Pope urges Mexico's leaders, bishops to confront violence

Pope Francis is joined by the archbishop of Mexico City, Cardinal Norberto Rivera Carrera, Saturday at the start of the pontiff's five-day visit to Mexico.

MEXICO CITY (AP) — Pope Francis challenged Mexico's political and ecclesial elites on Saturday to provide their people with security, justice and courageous pastoral care to confront the drug-inspired violence and corruption that are wracking the country, delivering a toughlove message to Mexico's ruling classes on his first full day in the country.

Francis received a raucous welcome from cheering Mexicans who lined his motorcade route seven deep. He followed with a pointed criticism of how church and state leaders here have often failed their people, especially the poorest and most marginalized.

"Experience teaches us that each time we seek the path of privileges or benefits for a few to the detriment of the good of all, sooner or later the life of society becomes a fertile soil for corruption, drug trade, exclusion of different cultures, violence and also human trafficking, kidnapping and death, bringing suffering and slowing down development," he told government authorities at the presidential palace.

In a subsequent hard-hitting speech to his own bishops, Francis challenged church leaders known for their deference to Mexico's wealthy and powerful to courageously denounce the "insidious threat" posed by the drug trade and not hide behind their own privilege and careers.

He told them to be true pastors, close to their people, and to develop a coherent plan to help Mexicans "finally escape the raging waters that drown so many, either victims of the drug trade or those who stand before God with their hands drenched in blood, though with pockets filled with sordid money and their consciences deadened."

The speech was met with tepid applause, with only a handful of bishops standing in ovation.

Francis' entire five-day trip to Mexico is shining an uncomfortable spotlight on the church's shortcomings and the government's failure to solve entrenched social ills that plague many parts of the country: poverty, rampant drug-inspired gangland killings, extortion, the kidnapping of women, crooked cops and failed public services.

Over the coming days Francis will travel to the crime-ridden Mexico City suburb of Ecatepec, preach to Indians in poverty-stricken Chiapas, offer solidarity to victims of drug violence in Morelia and, finally, at a Mass in Ciudad Juarez, pay respects to migrants who have died trying to reach the United States across the nearby border.

The grueling schedule appeared to be already taking a toll: By Saturday evening, Francis seemed tired and winded. He appeared to doze off during Mass and lost his balance and fell into a chair set up for him to pray before the image of the Virgin of Guadalupe.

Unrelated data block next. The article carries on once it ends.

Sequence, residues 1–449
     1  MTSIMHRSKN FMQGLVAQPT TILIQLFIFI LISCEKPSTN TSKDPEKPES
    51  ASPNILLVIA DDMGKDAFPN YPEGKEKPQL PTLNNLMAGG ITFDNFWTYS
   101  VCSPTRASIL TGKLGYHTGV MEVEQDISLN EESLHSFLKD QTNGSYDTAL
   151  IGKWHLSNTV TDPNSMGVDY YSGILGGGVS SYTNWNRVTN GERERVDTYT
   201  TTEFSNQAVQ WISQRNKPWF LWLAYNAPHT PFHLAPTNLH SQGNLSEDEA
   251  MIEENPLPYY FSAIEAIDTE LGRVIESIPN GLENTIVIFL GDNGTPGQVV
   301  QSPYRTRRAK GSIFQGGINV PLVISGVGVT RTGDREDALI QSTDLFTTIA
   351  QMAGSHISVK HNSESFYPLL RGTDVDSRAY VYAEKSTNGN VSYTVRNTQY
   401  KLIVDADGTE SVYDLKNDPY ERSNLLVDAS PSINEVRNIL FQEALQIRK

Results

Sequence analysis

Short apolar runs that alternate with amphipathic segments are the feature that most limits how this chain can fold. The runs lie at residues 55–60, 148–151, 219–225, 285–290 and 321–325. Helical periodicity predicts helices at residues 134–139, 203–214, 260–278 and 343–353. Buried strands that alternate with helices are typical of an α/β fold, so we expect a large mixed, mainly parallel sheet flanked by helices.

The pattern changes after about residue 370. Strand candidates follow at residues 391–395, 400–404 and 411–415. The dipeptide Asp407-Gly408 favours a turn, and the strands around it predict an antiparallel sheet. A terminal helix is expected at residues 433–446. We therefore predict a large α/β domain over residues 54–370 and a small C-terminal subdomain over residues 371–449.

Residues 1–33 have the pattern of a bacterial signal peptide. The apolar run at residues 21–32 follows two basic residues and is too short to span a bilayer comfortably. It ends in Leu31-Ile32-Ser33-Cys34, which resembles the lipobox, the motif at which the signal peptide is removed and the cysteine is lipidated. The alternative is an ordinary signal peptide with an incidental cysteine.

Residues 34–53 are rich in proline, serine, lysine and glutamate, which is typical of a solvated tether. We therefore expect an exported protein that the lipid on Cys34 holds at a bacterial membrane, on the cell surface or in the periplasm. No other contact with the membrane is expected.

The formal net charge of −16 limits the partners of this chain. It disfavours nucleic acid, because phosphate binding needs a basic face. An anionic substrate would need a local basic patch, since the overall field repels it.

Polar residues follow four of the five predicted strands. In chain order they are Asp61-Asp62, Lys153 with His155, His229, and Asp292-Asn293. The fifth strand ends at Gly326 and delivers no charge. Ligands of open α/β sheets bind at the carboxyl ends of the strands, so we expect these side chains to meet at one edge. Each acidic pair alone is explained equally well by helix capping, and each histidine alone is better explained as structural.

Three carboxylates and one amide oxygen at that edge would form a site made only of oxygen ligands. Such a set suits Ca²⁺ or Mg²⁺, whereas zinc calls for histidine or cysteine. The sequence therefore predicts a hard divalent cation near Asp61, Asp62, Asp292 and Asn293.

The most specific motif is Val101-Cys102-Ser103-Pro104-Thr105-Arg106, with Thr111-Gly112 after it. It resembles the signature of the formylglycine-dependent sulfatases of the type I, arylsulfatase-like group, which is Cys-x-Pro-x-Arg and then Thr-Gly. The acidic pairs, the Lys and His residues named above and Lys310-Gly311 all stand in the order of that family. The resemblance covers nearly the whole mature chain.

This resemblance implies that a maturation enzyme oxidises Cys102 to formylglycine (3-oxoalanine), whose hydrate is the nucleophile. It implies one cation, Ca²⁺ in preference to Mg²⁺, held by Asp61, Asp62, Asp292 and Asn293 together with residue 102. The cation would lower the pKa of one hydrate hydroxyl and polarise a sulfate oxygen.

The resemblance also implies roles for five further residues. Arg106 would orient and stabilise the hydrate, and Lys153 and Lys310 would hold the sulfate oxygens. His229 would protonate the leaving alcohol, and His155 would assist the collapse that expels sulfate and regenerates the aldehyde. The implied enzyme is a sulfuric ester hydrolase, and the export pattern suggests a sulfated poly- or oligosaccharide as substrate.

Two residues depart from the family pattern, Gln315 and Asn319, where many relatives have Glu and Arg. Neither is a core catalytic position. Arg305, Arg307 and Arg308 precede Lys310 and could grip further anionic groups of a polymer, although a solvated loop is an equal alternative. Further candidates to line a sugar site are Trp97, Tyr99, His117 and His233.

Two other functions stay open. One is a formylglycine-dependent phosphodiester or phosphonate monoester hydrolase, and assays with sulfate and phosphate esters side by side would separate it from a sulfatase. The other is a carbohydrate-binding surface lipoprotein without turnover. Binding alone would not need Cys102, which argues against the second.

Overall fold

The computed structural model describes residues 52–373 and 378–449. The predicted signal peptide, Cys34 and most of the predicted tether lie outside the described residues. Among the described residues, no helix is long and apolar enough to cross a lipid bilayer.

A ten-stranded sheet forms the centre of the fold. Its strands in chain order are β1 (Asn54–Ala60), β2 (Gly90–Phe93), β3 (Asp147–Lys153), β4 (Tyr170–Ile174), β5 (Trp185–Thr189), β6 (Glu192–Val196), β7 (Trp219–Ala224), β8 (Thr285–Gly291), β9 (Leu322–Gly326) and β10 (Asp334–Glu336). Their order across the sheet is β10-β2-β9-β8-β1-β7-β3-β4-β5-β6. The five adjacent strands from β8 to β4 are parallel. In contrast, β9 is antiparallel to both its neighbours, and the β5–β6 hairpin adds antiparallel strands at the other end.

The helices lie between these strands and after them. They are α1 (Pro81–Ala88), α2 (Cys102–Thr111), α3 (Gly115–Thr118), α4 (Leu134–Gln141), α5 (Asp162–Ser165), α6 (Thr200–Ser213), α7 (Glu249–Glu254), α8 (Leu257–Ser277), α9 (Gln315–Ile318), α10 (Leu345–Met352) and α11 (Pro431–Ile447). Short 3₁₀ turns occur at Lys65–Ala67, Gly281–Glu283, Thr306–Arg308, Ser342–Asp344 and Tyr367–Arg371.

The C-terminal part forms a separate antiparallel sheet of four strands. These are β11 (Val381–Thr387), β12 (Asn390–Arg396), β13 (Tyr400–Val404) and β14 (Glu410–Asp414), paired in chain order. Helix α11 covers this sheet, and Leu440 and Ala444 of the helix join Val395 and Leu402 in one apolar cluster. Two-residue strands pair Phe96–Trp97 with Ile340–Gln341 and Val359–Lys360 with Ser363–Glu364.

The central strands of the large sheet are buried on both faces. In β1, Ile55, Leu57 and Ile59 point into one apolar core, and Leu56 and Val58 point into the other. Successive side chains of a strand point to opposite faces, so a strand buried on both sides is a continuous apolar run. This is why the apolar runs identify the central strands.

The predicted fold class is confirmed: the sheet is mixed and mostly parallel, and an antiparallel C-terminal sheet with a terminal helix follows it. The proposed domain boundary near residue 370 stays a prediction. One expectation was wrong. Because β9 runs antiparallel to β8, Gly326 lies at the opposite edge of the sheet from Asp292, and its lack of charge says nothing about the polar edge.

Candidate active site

The 79-year-old Francis has had an exhausting two days, with back-to-back public events, dozens of miles spent standing in his pope mobile and a seven-hour time zone difference. In addition, Mexico City's altitude of more than 7,000 feet provides a challenge to anyone not acclimated — and perhaps more so for Francis, who lost part of one lung as a young man.

Francis began his first full day in Mexico with a winding ride into the capital's historic center, to the delight of tens of thousands greeting history's first Latin American pope. Despite an exhausting Friday that involved a historic embrace with the head of the Russian Orthodox Church, Francis obliged their demands and stopped to hand out rosaries to the elderly, sick and disabled who gathered in front of his quarters while in Mexico.

The mileage that Francis is clocking standing up in his openair popemobile is a testament to his appreciation of Mexicans' need to see him up close: After a 14-mile nighttime ride from the airport and the 9 miles logged Saturday morning, Francis still has about 93 miles more to go in the popemobile before his trip ends Wednesday.

In a nod to his thrifty ways, three of the five popemobiles Francis will use are being recycled from his U.S. trip in September. Francis is also sticking to an economy car when he's not in a popemobile, using a tiny white Fiat to move around.

Francis began Saturday by meeting with President Enrique Peña Nieto at the presidential palace. He told the president and other members of government that public officials must be honest and upright and not be seduced by privilege or corruption. He said political leaders have a "particular duty" to ensure their people have "indispensable" material and spiritual goods.

Commenting is limited to Omaha World-Herald subscribers. To sign up, click here.

If you're already a subscriber and need to activate your access or log in, click here.

(0) comments

Welcome to the discussion.

Please keep it clean, turn off CAPS LOCK and don't threaten anyone. Be truthful, nice and proactive. And share with us - we love to hear eyewitness accounts.

You must be a digital subscriber to view this article.